My latest Baptist Studies Bulletin column is up over at the Baptist History & Heritage website.
Stop by and read the entire column on Baptists and immigration reform. I’ve included a snippet below:
A look at history shows us that broad-based coalitions of “odd bedfellows”
sometimes are indeed able to work together to achieve a big goal. An excellent
example is the Religious Freedom Restoration Act that was signed into law 20
years ago. Baptists—notably the Baptist Joint Committee for Religious
Liberty—played a critical role in that process to ensure that government not be
allowed to infringe on an individual’s religious freedom in the absence of a
compelling state interest.
However, RFRA almost did not become a reality. The idea of a legislative
remedy to the Supreme Court’s misguided ruling in Oregon Employment Division
v. Smith united diverse faith communities. The tricky part came when a
specific bill was introduced. RFRA was initially met with resistance from
pro-life groups. Nearly three years lapsed before Congress finally passed RFRA
and the religious liberty bill was signed into law by President Clinton.
Sometimes, however, emerging movements and broad coalitions fizzle and fall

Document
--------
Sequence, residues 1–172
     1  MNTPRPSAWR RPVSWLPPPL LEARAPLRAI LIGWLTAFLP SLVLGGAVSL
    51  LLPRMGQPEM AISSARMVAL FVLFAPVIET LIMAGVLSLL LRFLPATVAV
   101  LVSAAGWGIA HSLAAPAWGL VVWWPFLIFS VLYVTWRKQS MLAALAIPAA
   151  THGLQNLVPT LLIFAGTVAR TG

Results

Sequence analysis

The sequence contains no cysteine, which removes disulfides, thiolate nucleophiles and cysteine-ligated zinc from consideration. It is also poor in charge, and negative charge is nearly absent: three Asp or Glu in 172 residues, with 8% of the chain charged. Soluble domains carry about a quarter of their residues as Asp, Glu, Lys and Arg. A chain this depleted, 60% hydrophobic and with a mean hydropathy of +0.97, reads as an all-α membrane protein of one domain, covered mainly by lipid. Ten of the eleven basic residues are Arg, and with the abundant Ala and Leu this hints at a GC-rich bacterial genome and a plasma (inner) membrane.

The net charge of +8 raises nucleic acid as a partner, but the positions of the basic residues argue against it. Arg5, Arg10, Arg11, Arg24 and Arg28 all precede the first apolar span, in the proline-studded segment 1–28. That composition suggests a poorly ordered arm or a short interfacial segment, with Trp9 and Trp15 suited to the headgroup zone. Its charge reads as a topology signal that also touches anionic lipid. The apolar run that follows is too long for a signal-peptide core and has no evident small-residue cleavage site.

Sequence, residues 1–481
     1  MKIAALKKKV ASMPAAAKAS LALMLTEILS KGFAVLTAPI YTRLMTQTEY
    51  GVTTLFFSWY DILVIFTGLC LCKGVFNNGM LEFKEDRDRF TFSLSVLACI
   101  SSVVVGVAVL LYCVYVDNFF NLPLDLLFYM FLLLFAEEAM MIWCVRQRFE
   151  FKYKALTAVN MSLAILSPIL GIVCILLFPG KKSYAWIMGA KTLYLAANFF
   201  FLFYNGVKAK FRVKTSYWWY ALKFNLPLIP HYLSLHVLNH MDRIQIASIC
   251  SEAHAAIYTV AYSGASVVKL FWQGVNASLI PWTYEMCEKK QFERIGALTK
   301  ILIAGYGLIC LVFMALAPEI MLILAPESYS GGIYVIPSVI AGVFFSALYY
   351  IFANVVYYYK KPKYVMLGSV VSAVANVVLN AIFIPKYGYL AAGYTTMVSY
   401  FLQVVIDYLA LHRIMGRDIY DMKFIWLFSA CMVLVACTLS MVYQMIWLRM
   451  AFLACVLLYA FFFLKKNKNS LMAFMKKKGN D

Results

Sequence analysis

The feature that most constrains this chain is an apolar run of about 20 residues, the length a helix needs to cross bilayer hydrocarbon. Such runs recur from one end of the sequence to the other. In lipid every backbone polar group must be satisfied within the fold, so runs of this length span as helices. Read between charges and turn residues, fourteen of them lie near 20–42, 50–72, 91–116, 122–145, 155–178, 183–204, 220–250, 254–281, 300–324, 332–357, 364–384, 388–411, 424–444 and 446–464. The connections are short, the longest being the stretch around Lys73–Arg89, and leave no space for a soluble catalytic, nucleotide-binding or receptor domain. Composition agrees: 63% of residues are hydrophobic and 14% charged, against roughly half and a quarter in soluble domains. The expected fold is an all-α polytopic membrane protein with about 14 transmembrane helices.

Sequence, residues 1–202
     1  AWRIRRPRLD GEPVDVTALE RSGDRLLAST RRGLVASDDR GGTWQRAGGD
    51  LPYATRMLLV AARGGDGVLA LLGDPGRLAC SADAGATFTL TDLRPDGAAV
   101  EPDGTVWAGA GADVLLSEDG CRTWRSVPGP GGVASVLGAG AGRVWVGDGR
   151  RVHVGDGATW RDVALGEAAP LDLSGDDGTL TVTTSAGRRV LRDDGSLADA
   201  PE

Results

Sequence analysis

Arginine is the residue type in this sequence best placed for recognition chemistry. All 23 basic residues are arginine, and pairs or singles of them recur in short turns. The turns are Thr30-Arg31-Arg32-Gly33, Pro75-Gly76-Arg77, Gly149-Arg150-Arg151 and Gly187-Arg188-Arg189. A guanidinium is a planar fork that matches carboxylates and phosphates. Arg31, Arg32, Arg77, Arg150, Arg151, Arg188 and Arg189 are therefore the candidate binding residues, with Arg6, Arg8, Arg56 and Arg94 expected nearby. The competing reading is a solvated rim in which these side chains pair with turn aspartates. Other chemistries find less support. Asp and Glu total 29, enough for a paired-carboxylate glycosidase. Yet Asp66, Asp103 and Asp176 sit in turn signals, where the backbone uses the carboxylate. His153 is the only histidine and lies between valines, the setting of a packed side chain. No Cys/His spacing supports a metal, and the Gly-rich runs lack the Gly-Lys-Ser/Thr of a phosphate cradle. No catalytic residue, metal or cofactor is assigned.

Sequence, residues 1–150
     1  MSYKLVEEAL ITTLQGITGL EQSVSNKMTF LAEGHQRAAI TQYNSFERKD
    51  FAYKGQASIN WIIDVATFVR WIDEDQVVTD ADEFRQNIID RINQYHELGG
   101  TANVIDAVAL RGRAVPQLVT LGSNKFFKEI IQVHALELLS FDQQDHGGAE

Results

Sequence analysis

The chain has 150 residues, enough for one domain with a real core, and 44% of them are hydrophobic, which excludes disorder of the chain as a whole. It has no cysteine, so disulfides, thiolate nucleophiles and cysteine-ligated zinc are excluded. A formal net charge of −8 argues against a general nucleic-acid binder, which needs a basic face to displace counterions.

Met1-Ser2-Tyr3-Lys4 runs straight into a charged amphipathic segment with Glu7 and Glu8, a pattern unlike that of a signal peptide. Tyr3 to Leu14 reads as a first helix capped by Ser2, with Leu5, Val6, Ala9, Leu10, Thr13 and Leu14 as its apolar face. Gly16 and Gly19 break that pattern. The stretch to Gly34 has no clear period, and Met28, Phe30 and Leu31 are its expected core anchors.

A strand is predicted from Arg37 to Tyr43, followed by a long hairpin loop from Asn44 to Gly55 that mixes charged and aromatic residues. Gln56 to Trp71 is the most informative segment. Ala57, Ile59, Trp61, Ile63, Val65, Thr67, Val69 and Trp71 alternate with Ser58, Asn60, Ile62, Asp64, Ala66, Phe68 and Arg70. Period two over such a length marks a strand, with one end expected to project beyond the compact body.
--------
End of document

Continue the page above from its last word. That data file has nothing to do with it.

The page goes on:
apart. Just a handful of years ago, national newspapers and magazines were
declaring the greening of evangelicalism. High-profile conservative evangelicals
were vowing to be better stewards and promising to mobilize their communities to
take political action to combat climate change. In the end, the bipartisan
Climate Security Act, designed to modestly regulate greenhouse gas emissions of
corporations through a free market “cap and trade” system, was defeated.
In light of this historical backdrop, Baptists who are hopeful for
immigration reform should proceed with cautious optimism. Baptists did not quit
on RFRA when it died in 1990 and again in 1992. Rather, they participated in the
resurrection of RFRA on the third try. Hopefully, Baptists and other Christians
will not abandon the cause of comprehensive immigration reform if confronted
with political roadblocks similar to those of the past that have led so many
briefly-energized evangelical voices to shamefully desert the environmental
arena since the supposed “greening” of evangelicalism.